South Lake Union Sets the Table for Growth Management

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The “new look” of South lake Union, exemplified by one of many new buildings in the area. (Seattle Municipal Archives)

Since the revisions to the South Lake Union Neighborhood Plan and its designation as an Urban Center, South Lake Union (SLU) has led the City in developing new jobs and housing, just as was hoped.  By investing in infrastructure there, the City has successfully encouraged this development.  This year, the Council will consider additional rezones in SLU that will continue this record of success.

Since the adoption of the Comprehensive Plan in 1995, Seattle has focused on bringing jobs and housing to Urban Centers and Urban Villages where growth makes the most sense.  This protects our farms, forests, and wilderness areas from sprawl and concentrates new development where there are transportation and commercial centers to support it.  This also prevents ‘in-city sprawl’ from overwhelming our single family neighborhoods.

The core centers for growth are intended to be our designated Urban Centers, initially the 6 Downtown neighborhoods, First Hill, Capitol Hill, Northgate, and the University District, who are generally following the pattern of continued development.    The most dramatic change in that lineup was the addition of South Lake Union as an Urban Center in 2004.  Like First Hill, Uptown, and Pioneer Square, SLU is adjacent to downtown.  Unlike those neighborhoods, its original neighborhood plan, hammered out in a fairly tense process following the defeat of the Seattle Commons proposal, did not embrace growth, and instead called for SLU to remain a relatively low-density, mixed use neighborhood.

That changed as employment centers like the Fred Hutch and Zymogenetics grew around the edges of SLU, as property ownership turned over and Paul Allen’s Vulcan acquired much of the holdings of those who resisted change, and as City planners began to think more deeply about the possibilities of this in-city community.  In the mid-2000’s, the community revised the neighborhood plan, the City adopted the Urban Center designation, and both public and private investment began.

The City’s core investments have been creating the South Lake Union Park (fulfilling at least partially the dream of the Seattle Commons – and the majority of the funding for the Park came from private donations), joining with the private sector to create the South Lake Union Streetcar (almost 50% of the funding came from private sources, with most of the rest from federal and state grants), facilitating the relocation of MOHAI to the South Lake Union Armory (again with a significant private investment), and beginning the long-dreamed process of transforming Mercer from the Mercer Mess to a new Main Street for South Lake Union (also largely with grant funds, as well as significant private contributions).  Of the estimated $480 million in public investments committed or planned in South Lake Union, only $96 million came from the City’s budget resources.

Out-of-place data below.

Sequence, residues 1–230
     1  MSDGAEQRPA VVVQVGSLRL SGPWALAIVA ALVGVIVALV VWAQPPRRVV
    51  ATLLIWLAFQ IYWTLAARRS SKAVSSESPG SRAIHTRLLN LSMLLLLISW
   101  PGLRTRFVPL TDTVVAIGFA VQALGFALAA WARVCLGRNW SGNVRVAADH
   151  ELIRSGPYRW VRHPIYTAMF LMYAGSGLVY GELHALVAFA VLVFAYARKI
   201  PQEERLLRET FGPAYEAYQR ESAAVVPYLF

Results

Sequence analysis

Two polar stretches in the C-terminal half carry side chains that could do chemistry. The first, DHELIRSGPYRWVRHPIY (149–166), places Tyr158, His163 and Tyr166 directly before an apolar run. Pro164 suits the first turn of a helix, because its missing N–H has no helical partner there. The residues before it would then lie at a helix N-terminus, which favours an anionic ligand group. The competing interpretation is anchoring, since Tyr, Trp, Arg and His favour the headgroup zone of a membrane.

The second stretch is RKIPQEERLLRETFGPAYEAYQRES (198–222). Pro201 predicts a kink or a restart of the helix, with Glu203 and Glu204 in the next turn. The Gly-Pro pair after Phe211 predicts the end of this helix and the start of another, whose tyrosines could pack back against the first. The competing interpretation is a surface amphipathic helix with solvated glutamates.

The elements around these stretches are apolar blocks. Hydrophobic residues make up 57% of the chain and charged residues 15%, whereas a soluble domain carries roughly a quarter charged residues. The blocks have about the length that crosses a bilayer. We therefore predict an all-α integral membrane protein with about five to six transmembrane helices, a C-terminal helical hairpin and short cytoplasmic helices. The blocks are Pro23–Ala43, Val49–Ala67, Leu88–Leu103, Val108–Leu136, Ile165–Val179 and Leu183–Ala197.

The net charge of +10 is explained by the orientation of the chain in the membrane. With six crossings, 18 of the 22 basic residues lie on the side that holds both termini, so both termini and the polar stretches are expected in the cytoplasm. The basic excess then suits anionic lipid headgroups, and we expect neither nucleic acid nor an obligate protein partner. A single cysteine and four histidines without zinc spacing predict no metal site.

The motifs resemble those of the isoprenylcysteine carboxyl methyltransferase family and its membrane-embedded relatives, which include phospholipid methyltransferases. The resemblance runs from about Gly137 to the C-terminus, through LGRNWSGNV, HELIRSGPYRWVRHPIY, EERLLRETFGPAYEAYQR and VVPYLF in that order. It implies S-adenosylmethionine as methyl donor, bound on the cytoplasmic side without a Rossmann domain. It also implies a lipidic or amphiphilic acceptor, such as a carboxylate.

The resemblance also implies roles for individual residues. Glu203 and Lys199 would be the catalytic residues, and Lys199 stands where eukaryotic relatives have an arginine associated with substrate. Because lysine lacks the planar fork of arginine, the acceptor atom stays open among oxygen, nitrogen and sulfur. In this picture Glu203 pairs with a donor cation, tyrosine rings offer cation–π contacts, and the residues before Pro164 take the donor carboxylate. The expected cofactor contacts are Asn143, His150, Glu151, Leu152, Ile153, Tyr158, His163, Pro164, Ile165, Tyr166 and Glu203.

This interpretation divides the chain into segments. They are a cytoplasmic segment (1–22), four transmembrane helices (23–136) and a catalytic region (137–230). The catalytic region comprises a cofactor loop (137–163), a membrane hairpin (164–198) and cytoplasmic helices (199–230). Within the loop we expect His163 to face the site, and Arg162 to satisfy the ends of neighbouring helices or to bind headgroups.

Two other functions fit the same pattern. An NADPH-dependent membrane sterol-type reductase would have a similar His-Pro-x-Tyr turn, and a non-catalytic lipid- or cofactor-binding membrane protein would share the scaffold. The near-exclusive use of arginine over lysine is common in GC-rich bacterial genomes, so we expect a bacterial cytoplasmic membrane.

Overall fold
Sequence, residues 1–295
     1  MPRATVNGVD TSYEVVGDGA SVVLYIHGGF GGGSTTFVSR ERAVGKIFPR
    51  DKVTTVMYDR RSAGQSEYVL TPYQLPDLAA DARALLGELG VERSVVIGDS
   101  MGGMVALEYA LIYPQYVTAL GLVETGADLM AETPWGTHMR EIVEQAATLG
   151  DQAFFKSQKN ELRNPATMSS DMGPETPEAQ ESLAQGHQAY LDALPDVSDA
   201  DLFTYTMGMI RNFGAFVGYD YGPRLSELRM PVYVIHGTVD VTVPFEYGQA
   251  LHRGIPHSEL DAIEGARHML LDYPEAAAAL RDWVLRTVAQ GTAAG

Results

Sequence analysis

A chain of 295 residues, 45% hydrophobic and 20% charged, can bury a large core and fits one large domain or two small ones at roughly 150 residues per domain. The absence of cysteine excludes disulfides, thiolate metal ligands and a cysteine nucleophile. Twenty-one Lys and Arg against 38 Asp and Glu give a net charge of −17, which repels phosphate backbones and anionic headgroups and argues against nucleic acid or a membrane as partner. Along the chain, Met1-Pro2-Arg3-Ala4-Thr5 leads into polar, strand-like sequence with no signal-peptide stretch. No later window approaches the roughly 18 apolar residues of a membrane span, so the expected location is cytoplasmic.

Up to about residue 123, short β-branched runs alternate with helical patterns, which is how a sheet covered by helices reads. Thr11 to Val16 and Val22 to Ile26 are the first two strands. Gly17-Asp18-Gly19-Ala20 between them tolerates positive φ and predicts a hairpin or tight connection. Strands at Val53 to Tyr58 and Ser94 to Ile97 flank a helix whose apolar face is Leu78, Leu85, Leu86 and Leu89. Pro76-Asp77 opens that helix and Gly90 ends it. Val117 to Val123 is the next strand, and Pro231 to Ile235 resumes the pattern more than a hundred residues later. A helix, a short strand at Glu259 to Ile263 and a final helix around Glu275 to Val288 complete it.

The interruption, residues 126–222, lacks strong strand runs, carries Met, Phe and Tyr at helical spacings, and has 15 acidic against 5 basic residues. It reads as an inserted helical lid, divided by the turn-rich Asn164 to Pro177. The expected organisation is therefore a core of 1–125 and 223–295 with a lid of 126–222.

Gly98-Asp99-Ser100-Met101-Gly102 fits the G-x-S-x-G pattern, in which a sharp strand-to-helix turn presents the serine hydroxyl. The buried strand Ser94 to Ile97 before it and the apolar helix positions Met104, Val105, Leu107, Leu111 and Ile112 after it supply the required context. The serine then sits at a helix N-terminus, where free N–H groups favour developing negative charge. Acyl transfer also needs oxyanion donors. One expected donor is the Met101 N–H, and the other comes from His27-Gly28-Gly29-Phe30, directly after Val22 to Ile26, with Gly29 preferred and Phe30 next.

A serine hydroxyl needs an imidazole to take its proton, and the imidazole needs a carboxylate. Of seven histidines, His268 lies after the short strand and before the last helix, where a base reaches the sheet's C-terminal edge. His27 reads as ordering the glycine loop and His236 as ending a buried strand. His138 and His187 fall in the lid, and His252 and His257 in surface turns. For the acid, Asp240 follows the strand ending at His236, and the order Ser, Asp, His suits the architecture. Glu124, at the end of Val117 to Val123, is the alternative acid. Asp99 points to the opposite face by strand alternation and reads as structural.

In turn, new zoning and land use policies have facilitated private investment pouring into the neighborhood, with some 12.5 million square feet of new development between 1995 and 2011.  The result has been the emergence of a new mixed-use urban community, with approximately 3000 new residents and 8500 new jobs.   In 1990, SLU had a population of 677, almost entirely in the Cascade neighborhood.  In 2010, the population was 3738.

The new housing has led to a new and more diverse population.  The percentage living in poverty fell from 40% to 21%, with many of the low income residents living in publicly subsidized low income housing.  Of the nearly 2300 housing units developed in SLU in the last 20 years, about a third were below market affordable units.

South Lake Union has long been an employment center, with 14,570 jobs in 1995.  In 2011, there are now some 23,000 jobs.  Most of the growth has been in professional and technical services.  The principle loss has been in industrial jobs – although even in 1995, these were only 30% of the SLU jobs.  It is not clear how many of the 3000 that have left have migrated to other areas and how many have been transformed or lost as a result of the changing economy.

There are many different ways to measure the City’s return on investment, but even the narrowest method of computation – direct tax revenues generated in this community – suggests that the City has made a good choice in partnering for development in South Lake Union.  When you add the growth management implementation, the jobs for our residents, the new transportation opportunities that emerge from the Mercer rebuild, and the low income housing, it is clear that this coordinated strategy has made a lot of sense.

This fall, the Council will consider the final step in the neighborhood plan revisions, a proposed rezoning of significant areas of South Lake Union.  As we evaluate the opportunities and challenges posed by land use changes, we have the opportunity to continue to leverage our investments in the interests of good, thoughtful, and comprehensive public policy.